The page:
In a second incident, a year later, in the Granary Yard near Whitehaven Castle, James Barnfather, a local cabinet-maker and one of the churchwardens, said he walked in on Rev. Anderson and Miss Hetherington in "the act of fornication.: She was standing against a wall and the clergyman was in front of her with his frock coat loosened and open. Barnfather said he immediately denounced Anderson as a scoundrel and a villain. When these charges reached the Bishop and the inquiry was ordered, the word around Whitehaven was, "Poor old Jimmy's been nabbed at last!"

During the inquiry, the Rev. Anderson insisted he had never misconducted himself in any way with Miss Hetherington, a woman he had known since she was five years old. Her character was irreproachable. She had been active in the music and choir at Holy Trinity and all his attentions toward her over the years had been entirely pastoral in nature. He swore before God that he had never committed fornication or any indecent conduct with this woman. Isabella, also, was closely questioned and denied that she had willingly or unwillingly been subjected to any indecent behaviour on the vicar's part.

The five church assessors delivered their verdict. The evidence of Anderson's drinking was strong and conclusive. The most serious charge of fornication was not proven. However, he was found guilty of indecent conduct on that bench in White Park. Some weeks later, in the Cathedral at Carlisle, Bishop Bardsley pronounced the greatest punishment, depriving Anderson of all his preferments.

Anderson disappears from the various clerical lists. But, as for Miss Hetherington, it appears she left scandal behind and emigrated to Australia where she dedicated the rest of her long life to missionary work among the Aborigines. "Kindly and cheerful, Miss Hetherington evinces genuine and unfailing affection for her dark skinned charges, among whom she has laboured unswervingly."  

                                              ***
The Rev. John Seton Karr owed his living to the notorious Berkeleys. That celebrated scandal is one of those told in Clerical Errors, A Victorian Series, Vol. 2.

Tuesday, September 18, 2018

The Caterham Asylum Scandal


Twas not for all young clergymen to find a cozy rectory in a pleasant village, dining a time or two each year with the cheerful squire up at the Great Hall. This is the story of the Rev. Thomas Closs who served his God and his Church as chaplain of the massive Caterham Imbeciles Asylum, south of London. Mr. Closs was a Welshman, 40 years old, married with a small family, when he first came to Caterham in 1891. The institution was built in 1867, designed to house 1500 inmates. In the chapel, which seated more than 500, Closs said morning and evening prayers and held full choral Sunday services. One visitor thought the singing by "the idiots ... might serve as an admirable example to many of the congregations in our fashionable London churches."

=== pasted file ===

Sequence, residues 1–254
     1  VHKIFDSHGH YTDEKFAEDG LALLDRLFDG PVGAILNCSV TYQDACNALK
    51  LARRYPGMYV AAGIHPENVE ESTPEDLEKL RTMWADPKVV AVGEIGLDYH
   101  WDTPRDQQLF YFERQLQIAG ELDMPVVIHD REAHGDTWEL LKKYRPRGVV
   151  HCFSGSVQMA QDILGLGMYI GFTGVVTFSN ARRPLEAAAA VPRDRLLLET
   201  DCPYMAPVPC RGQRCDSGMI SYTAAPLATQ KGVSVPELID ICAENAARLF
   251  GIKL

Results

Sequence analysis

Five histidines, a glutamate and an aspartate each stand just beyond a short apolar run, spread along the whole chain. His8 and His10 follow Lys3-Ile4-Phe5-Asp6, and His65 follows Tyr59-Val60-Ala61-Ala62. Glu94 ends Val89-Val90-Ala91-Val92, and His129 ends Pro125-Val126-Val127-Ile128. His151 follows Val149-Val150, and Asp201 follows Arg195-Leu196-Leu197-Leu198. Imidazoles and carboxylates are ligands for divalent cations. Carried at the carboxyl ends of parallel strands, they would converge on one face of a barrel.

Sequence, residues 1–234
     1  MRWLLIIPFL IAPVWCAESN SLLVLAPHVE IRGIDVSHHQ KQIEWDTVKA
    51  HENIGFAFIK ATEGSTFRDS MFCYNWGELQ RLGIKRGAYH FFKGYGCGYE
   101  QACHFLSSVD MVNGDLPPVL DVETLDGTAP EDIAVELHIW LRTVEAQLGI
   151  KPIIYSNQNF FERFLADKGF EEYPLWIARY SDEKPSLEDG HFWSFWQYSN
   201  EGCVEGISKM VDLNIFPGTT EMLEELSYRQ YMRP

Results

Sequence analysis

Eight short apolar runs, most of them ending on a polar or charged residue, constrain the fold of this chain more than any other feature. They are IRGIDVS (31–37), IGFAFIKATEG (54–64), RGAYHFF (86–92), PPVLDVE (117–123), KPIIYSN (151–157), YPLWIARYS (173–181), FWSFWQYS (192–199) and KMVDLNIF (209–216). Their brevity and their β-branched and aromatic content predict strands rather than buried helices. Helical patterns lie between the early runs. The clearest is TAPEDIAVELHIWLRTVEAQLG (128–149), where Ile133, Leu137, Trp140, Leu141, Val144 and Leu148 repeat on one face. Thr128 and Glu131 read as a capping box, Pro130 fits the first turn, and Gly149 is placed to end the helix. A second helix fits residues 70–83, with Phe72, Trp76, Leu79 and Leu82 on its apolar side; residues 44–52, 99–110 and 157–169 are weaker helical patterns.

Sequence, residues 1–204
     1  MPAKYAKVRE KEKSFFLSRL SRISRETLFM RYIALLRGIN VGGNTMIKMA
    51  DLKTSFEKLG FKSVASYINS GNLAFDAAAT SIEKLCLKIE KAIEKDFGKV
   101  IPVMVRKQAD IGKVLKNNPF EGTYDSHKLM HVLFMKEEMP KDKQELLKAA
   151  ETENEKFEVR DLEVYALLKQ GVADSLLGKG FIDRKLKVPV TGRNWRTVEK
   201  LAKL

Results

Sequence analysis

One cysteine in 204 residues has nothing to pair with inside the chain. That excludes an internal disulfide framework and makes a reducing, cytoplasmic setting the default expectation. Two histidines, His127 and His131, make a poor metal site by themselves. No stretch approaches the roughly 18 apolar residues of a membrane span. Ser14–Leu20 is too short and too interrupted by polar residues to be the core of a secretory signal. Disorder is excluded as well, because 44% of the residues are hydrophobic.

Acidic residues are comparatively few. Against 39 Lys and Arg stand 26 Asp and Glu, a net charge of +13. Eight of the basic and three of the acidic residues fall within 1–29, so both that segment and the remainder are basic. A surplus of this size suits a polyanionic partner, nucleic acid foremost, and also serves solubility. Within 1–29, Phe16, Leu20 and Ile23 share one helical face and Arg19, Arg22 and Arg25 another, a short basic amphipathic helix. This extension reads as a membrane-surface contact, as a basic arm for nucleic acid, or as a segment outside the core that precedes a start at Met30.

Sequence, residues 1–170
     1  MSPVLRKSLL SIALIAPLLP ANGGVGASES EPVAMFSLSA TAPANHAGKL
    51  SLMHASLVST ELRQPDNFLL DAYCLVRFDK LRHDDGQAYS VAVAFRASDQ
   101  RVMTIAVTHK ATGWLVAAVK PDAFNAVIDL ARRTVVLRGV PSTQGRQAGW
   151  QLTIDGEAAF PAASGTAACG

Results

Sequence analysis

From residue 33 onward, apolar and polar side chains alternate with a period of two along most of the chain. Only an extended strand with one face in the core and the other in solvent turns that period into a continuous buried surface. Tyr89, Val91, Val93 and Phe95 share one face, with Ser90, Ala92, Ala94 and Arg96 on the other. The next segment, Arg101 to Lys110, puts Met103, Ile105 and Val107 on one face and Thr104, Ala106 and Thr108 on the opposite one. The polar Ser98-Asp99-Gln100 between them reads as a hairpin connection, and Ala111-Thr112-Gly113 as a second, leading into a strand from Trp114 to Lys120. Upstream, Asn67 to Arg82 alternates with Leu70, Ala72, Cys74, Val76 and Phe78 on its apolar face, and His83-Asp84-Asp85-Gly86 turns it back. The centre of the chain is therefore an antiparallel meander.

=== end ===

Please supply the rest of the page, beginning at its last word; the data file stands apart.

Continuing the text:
But in 1893, Alice Sarah Hockley, not a patient but an employee in the asylum laundry, accused Closs of being the father of her baby girl. In Croydon Police Court, she claimed that Closs had taken her up to London a few times before he first seduced her in the vestry. "The intimacy was frequently renewed," usually right after the Sabbath service. Once, when interrupted by the Asylum director, the chaplain hid her among the robes in his vestments closet. Alice was unmarried and when she got pregnant, she was sacked. 


The chapel stood alone, left of the main building
In court, the Rev. Closs denied everything. There was much evidence that Alice had “walked out” with other men and frequented pubs. The mayor of Croydon, presiding, declared that there was "not the faintest scintilla of corroboration" of this woman's charges and Rev. Closs was free to go. But as the clergyman left the building, Alice - in "an infuriated manner" - rushed at him to begin striking him about the head with her fists. She took his silk hat, crushed it and threw it into the street, before the police hauled her away.

The Rev. Closs returned to his duties at the asylum but left the following year, having been accused of giving unwanted kisses to several female servants. He found a curate's billet in Malmesbury for several years and ended his days as the vicar of Wickham Skeith in Suffolk.

The Caterham Imbeciles Asylum - renamed St. Lawrence's Hospital - closed some years ago and was recently torn down for a residential development. For an excellent website on the history of Caterham see http://www.workhouses.org.uk/MAB-Caterham/

Five fascinating full length accounts of Victorian clerical scandals can be found in Clerical Errors - A Victorian Series, Vol. 2.